I finally picked this one up again after a hiatus. I struggle with reading books about grief because they often make me frustrated despite how empathetic I may be for the protagonist experiencing it. Grief is so complex because like many other human themes and experiences, everyone copes differently. Lydia is still in the almost debilitating stage where getting out of bed and returning to her daily life seems nearly impossible. She goes back and forth between snapping at her family and friends and being apologetic toward them. She is still a bit selfish and inconsiderate, but the overarching truth is that Lydia is a woman struggling to accept her boyfriend’s death and let him go. She learns that taking sleeping pills leads her into a dream world where her boyfriend is still alive, and so she begins to take her pills during the day to ensure that she can be with him when he is also awake. I have reached a point where she understands that this is can become a dangerous addiction, but I’m still worried about the choices she will make going forward. Regardless, I find this difficult to put down each time I pick it up.
I received a finished copy of this book from Forever in exchange for an honest review.
My progress: 137 pages completed
Liya Thakkar is a successful and independent woman, qualities that do not endear her to her extremely traditional Indian parents and Indian community. When she comes home one evening to have dinner with her parents, she soon learns that the dinner was set up so she could meet one of their choices for an arranged marriage. Liya escapes her parents’ house, only to come face-to-face with her suitor.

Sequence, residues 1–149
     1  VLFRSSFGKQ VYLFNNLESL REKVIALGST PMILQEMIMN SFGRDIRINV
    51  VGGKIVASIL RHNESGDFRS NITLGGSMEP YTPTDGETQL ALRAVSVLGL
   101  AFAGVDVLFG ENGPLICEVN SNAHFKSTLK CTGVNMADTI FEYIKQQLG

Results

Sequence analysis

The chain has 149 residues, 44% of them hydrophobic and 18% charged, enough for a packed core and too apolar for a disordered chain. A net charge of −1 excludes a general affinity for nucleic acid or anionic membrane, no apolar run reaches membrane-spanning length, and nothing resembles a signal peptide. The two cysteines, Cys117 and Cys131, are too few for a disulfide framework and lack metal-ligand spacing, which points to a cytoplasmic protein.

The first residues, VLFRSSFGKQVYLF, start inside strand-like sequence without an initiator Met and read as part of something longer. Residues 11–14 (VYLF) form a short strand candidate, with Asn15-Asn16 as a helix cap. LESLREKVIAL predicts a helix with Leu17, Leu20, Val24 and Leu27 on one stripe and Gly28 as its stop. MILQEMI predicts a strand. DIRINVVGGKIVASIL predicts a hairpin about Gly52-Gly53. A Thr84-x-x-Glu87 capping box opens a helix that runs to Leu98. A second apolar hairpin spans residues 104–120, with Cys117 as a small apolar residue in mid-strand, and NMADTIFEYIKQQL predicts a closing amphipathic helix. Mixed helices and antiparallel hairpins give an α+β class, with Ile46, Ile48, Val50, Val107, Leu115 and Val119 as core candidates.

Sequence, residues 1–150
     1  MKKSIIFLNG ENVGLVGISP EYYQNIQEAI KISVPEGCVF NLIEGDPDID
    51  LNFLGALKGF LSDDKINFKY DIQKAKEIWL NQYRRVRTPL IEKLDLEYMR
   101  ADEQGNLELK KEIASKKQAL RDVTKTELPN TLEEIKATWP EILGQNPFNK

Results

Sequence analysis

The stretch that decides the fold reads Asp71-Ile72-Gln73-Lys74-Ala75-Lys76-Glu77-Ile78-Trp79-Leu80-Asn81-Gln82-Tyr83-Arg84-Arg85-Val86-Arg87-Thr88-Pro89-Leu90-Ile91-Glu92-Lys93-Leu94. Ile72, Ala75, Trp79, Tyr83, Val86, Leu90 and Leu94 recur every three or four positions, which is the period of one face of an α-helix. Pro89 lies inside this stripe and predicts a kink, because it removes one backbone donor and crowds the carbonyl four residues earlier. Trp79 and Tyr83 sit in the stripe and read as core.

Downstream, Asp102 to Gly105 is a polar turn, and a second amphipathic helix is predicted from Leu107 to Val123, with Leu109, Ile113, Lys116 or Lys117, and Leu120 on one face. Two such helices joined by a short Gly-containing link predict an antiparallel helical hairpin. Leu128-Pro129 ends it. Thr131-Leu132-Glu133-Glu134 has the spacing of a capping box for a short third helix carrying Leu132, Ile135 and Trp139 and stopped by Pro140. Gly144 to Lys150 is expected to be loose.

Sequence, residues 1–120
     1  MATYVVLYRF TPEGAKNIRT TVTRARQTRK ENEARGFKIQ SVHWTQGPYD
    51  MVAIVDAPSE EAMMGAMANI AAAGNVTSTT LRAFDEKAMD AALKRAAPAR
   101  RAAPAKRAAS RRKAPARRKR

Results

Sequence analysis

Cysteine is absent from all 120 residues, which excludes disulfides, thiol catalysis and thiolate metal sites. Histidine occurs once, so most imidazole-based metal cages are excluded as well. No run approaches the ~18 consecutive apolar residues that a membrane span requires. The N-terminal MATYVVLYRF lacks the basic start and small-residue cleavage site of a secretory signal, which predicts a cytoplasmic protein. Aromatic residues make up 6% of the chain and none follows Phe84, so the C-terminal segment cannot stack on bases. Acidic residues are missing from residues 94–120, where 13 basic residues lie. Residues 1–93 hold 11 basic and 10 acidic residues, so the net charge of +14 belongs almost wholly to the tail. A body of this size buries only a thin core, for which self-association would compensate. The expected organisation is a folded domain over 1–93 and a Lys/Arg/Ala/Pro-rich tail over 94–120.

I just started this book last night and I was up until about 2:00 a.m. reading it. If there’s anything that drives me to power through a book, it’s when a strong female protagonist is completely misunderstood and misjudged by everyone around her. Liya is so strong and so brave and it pains me every time someone says anything terrible about her, especially since no one knows how truly abusive her father is toward her mother and that Liya was sexually assaulted by a leader in their community. Jay Shah is an adorable male protagonist and while I’m usually rooting for a handsome hero, it frustrates me how easily he gives into the rumors about Liya.
I fought with myself to put this book down and go to sleep because I just needed to see how far I had to get into it until someone finally realized that Liya’s tough front is a reflection of the pain she feels inside; Jay seems to be getting over himself and a little closer.
I am loving this enemies-to-lovers story featuring Indian-American characters in an Indian community! Patel’s story will really challenge readers to understand and respect another culture’s traditions and social differences, while still questioning the morality of some stances and how they impact the growth of a person. Liya is not ashamed to be Indian, but she deserves to resent her community as a whole which has failed her and continues to fail her in very sad and hurtful ways.
C/W: Mentions of sexual assault and depictions of unwanted sexual advances.
I hope you’ve all been reading some good books this week.